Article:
(Submitted by Wood County Humane Society)
The Wood County Humane Society placed a record number of animals into their forever homes for the third consecutive year in 2017.
During the past calendar year, the local non-profit adopted out a total of 941 animals, up nearly 20% from 2016 when it adopted out 790 animals.
Of the 987 animals placed into their adopted homes this past year, 305 were dogs (up 16% from 2016 when the organization placed 262 dogs), 634 were cats (up 21% from 2016 when the organization placed 524 cats), and 2 were “Other.”
In addition to significantly increasing its number of adoptions for the year, the organization also decreased the mean length of stay for both dogs and cats thanks to a more streamlined adoption process, among other factors. For dogs, the average length of stay was just 16 days, down nearly 16% from 2016 when the length of stay was 19 days. For puppies, the decrease was even more dramatic—down 57% from 14 to 6 days in 2017.
For cats, the average length of stay decreased from 29 to 25 days, a decrease of nearly 14%. The average length of stay for kittens decreased 35% from 17 to 11 days in 2017.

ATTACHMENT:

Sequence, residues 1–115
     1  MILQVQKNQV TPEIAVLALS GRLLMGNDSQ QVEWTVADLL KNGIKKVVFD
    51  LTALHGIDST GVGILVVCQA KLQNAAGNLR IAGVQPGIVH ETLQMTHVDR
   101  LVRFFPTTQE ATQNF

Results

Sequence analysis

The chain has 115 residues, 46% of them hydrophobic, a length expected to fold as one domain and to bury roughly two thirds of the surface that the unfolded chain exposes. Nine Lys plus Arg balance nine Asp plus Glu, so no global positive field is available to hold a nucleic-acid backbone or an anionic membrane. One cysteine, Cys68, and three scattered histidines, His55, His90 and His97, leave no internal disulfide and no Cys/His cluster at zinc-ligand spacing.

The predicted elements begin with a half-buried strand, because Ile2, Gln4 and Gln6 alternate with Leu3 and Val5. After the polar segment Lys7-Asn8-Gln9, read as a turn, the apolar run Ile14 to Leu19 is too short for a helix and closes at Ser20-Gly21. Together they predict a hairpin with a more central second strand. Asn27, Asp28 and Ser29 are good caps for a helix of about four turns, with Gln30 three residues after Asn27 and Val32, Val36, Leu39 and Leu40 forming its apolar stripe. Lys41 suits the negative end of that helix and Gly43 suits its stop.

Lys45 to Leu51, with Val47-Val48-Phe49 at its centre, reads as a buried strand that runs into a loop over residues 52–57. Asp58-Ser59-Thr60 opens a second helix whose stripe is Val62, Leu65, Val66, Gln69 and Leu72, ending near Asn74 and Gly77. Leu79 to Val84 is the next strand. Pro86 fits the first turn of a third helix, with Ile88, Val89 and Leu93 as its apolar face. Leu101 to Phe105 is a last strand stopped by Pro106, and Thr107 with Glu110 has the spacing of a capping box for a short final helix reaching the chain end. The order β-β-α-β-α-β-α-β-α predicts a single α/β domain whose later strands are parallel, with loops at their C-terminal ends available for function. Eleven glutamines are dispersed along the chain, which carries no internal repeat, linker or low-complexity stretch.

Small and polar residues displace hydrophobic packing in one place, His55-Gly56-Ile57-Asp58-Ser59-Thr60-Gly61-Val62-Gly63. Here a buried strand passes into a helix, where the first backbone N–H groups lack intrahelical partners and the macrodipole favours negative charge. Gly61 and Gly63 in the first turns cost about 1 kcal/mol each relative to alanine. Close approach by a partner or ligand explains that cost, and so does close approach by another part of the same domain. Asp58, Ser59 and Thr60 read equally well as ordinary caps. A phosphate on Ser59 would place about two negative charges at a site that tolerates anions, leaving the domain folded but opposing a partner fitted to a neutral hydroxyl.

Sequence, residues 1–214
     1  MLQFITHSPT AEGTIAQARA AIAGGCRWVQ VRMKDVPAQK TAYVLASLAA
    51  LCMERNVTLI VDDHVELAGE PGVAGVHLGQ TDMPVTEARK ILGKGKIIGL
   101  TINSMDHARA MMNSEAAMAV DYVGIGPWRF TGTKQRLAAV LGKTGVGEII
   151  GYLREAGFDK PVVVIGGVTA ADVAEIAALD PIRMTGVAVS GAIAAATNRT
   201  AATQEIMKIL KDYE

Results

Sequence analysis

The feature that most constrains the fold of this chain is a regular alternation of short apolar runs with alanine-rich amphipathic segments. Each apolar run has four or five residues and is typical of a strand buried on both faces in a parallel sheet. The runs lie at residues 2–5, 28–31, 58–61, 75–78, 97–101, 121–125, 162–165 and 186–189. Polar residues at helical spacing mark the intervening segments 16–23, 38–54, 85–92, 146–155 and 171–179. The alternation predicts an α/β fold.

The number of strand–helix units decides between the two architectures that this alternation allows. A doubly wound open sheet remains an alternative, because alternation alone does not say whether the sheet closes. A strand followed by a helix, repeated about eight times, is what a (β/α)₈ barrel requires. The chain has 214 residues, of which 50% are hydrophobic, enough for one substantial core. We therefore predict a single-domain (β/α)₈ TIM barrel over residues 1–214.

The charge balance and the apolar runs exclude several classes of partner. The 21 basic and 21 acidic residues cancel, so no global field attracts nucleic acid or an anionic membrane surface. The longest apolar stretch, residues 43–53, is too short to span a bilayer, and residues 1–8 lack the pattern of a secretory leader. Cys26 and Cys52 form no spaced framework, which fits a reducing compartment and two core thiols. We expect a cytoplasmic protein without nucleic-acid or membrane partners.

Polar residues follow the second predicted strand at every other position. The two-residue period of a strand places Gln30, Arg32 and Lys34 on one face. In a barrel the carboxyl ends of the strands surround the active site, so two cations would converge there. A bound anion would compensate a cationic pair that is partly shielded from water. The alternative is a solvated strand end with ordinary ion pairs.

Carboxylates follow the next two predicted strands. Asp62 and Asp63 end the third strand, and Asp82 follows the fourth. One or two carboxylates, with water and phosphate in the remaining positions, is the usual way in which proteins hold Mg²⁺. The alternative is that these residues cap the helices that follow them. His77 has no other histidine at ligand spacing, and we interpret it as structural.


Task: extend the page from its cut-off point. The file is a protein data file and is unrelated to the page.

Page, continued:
Length of stay has many benefits with respect to animal welfare, sheltering costs, and a shelter’s capacity to save lives. A decreased length of stay can help to increase quality of life for shelter animals, especially those who experience anxiety in a shelter setting. It can enable a shelter organization to assist more animals within a calendar year. And in some cases, it can decrease the risk of illness in shelter animals and help to prevent any behavioral disorders that might result from an extended stay in a shelter environment.
Overall intake numbers for the organization continued to rise in 2017, with 328 dogs (up from 275 in 2016) and 725 cats (up from 600 in 2016).